Visual Acoustics, directed by Eric Bricker

Visual Acoustics from wes on Vimeo.

Narrated by Dustin Hoffman, Visual Acoustics celebrates the joyful life and career of Julius Shulman, the world’s greatest architectural photographer, whose images brought modern architecture to the American mainstream. Charged with documenting everyone from Frank Lloyd Wright to Richard Neutra, John Lautner and Frank Gehry, his images, as stated by the filmmakers, epitomized the singular beauty of Southern California’s modernist movement and brought its iconic structures to the attention of the general public.

American Masters: Sketches of Frank Gehry, directed by Sydney Pollack

Directed by the great Sydney Pollack (The Way We Were, Out of Africa, Michael Clayton), a lifelong friend of Gehry’s, this documentary explores the life and work of the greatest living American architect. It also includes interviews with Dennis Hopper, Robert Rauschenberg, Edward Ruscha and Julian Schnabel, among others.

Infinite Space: The Architecture of John Lautner, directed by Murray Grigor

Infinite Space: The Architecture of John Lautner from Design Onscreen on Vimeo.

With appearances by Sean Connery, Frank Gehry, Julius Shulman, and other Lautner devotees, the film traces the lifelong quest of a visionary genius who led a complicated life. Exceptional filmmaking explores Lautner’s dramatic spaces with choreographed camera moves, as Lautner himself provides the commentary, speaking with insight and wit in recordings culled from archival sources.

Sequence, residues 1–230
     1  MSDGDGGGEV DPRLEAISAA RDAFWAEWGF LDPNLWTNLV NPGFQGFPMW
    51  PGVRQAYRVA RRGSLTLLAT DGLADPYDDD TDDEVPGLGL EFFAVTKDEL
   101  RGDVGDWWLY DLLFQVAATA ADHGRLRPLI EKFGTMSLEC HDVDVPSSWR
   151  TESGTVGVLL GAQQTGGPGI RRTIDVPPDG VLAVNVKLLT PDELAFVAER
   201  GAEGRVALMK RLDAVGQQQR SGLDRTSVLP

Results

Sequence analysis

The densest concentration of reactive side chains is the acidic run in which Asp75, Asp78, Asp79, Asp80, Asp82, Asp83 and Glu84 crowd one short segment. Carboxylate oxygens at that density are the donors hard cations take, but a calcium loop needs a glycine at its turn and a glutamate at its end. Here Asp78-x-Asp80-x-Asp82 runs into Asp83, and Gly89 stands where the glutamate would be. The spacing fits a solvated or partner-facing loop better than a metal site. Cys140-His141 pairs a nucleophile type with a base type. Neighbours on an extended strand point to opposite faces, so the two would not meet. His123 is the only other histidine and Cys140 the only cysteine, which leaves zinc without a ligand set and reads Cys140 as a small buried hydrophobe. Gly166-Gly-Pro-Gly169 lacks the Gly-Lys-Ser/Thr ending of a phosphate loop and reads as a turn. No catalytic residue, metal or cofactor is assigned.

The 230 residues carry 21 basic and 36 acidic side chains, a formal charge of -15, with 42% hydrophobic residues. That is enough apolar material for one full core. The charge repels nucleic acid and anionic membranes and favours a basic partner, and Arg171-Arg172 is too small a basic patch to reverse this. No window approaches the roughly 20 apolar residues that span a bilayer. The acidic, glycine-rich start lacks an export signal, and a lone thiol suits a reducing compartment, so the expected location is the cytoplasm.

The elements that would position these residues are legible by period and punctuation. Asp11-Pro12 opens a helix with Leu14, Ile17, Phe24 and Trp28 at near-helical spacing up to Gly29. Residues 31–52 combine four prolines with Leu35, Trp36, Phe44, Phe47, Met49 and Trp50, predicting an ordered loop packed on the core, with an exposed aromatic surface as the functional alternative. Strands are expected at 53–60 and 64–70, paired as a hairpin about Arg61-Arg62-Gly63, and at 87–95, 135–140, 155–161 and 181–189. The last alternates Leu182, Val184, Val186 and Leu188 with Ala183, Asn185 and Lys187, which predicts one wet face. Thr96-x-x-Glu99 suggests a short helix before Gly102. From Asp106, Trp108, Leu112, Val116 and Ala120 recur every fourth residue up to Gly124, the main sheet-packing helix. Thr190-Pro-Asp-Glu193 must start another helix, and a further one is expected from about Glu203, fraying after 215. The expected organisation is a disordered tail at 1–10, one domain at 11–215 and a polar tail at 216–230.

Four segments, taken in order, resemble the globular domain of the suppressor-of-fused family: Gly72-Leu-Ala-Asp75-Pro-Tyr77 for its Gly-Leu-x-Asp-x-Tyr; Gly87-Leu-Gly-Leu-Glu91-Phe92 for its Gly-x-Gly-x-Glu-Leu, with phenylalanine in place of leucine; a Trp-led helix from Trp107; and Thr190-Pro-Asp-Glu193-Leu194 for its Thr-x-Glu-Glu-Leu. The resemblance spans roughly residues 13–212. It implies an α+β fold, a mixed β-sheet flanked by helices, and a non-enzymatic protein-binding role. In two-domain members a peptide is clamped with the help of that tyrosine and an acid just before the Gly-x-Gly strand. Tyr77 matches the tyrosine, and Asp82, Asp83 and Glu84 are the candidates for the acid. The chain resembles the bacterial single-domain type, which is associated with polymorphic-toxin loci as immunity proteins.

Citizen Architect: Samuel Mockbee and the Spirit of the Rural Studio, directed by Sam Wainwright Douglas

Citizen Architect presents the life work of the late Samuel Mockbee, a true pioneer who championed the belief that “everyone deserves shelter for the soul.” A professor at Auburn University, Mockbee created the Rural Studio, a design-build studio teaching the social responsibilities of the profession of architecture while also providing safe, well-constructed, and inspirational homes and buildings for communities in rural west Alabama, one of the poorest regions in America. To date, the Rural Studio has completed more than 80 innovative projects, many for less than $20,000. This film tells the story of the movement by following Jay Sanders, a young, first-time instructor leading a group of students charged with building a home for the Music Man, a soul loving local. Also included are never-before-seen interviews with Mockbee himself.